Mexican activist, poet brings Caravan for Peace to U.S.
Mexican peace activist Javier Sicilia, who helped launch a grass-roots movement in Mexico calling for an end to the country’s drug war, is launching a Caravan for Peace across the U. S., with supporters and victims joining him Sunday in San Diego for the start of the month-long campaign.
Sicilia, an award-winning poet and novelist whose 24-year-old son was killed by organized crime gunmen, has become a prominent symbol of Mexicans’ anger over the unceasing violence and growing toll of victims.
In Mexico, he has attacked corruption and called for the resignation of top government officials.
During the swing through 20 U.S. cities, including Los Angeles on Monday and Tuesday, Sicilia and organizers say they will shift the focus to U.S. policies that contribute to the violence. They will push for curbs on money laundering and weapons smuggling to Mexico and the suspension of U.S. funding of Mexico’s military.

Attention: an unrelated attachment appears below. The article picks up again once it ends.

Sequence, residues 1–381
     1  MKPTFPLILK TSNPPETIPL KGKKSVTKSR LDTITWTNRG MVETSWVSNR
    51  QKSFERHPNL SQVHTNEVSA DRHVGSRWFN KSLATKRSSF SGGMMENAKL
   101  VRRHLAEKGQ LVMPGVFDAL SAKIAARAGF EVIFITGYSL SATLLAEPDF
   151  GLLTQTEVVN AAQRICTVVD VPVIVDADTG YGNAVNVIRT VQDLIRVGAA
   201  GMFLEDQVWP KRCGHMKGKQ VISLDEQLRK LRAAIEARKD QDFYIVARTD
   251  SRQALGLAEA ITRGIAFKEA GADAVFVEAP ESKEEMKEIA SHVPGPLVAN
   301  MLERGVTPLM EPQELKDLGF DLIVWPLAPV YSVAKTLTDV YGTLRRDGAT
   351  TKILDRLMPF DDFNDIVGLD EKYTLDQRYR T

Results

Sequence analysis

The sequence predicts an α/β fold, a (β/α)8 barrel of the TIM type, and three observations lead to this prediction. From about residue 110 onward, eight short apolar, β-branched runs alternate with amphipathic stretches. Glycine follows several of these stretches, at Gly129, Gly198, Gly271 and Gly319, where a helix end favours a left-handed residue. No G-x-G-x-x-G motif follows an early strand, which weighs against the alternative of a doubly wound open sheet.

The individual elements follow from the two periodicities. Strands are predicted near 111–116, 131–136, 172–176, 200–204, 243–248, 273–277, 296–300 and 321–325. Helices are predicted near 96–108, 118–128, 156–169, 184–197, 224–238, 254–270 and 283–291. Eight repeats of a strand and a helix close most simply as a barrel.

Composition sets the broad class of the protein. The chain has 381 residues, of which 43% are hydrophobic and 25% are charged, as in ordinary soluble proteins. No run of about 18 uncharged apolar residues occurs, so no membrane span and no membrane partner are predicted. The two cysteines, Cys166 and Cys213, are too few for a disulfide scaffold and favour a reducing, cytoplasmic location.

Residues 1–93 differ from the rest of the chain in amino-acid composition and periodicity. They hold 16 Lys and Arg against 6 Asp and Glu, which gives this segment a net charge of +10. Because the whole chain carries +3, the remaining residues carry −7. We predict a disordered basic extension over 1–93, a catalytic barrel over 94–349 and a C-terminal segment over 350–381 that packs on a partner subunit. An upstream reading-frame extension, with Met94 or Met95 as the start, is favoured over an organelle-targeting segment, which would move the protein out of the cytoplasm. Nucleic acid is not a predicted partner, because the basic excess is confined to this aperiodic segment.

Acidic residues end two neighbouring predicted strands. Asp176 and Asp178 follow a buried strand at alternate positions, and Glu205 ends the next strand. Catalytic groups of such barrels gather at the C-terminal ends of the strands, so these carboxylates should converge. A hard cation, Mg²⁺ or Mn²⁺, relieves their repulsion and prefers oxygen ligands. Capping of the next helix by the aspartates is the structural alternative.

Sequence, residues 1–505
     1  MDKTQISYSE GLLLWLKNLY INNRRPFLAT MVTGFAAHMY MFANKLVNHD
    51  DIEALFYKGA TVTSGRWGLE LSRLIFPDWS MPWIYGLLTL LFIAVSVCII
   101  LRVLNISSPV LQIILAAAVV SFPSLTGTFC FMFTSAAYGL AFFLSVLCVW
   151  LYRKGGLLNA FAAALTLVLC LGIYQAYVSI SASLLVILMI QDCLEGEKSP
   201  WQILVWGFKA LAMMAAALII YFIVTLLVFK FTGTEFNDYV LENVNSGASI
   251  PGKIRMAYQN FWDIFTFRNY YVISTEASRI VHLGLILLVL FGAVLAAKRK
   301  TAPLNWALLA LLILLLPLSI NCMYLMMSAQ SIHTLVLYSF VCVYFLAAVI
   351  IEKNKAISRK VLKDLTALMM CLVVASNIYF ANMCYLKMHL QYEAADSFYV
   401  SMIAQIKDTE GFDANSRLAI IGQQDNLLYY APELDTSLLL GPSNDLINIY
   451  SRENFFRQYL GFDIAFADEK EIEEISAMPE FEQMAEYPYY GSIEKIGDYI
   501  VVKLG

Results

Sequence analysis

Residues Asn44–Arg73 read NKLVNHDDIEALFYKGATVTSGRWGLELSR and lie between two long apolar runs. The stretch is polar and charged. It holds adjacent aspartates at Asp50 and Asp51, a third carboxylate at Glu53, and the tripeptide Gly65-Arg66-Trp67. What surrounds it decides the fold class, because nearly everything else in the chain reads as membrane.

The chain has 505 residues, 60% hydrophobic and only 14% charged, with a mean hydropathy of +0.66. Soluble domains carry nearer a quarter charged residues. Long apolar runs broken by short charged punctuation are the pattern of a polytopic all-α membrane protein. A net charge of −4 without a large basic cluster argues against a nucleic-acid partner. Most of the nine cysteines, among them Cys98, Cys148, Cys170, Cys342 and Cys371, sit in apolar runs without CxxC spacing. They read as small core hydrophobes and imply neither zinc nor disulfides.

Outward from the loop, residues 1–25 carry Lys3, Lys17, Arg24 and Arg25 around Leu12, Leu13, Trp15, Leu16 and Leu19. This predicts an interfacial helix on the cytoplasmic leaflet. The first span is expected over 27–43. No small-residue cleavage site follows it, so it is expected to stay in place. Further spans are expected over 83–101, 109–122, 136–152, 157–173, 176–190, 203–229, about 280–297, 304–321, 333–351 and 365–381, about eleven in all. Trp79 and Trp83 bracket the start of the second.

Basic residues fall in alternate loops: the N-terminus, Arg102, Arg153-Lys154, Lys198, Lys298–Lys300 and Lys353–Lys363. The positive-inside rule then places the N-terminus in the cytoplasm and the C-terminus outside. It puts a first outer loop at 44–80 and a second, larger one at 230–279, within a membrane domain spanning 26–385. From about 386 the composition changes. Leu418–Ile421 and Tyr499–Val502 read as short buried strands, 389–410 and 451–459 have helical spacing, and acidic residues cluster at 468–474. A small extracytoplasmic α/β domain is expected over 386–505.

“Our purpose is to honor our victims, to make their names and faces visible,” Sicilia said in a statement. “We will travel across the United States to raise awareness of the unbearable pain and loss caused by the drug war -- and of the enormous shared responsibility for protecting families and communities in both our countries.”
Events in Southern California include a church service Sunday at the University of San Diego and a gathering Monday in downtown Los Angeles at Our Lady Queen of Angels Church. The caravan’s final stop is scheduled for Sept. 10 in Washington, D.C.
-- Richard Marosi
Photo: Mexican poet and social activist Javier Sicilia, left, with Mexican actor Daniel Gimenez Cacho at a news conference on the Caravan for Peace. Credit: Getty Images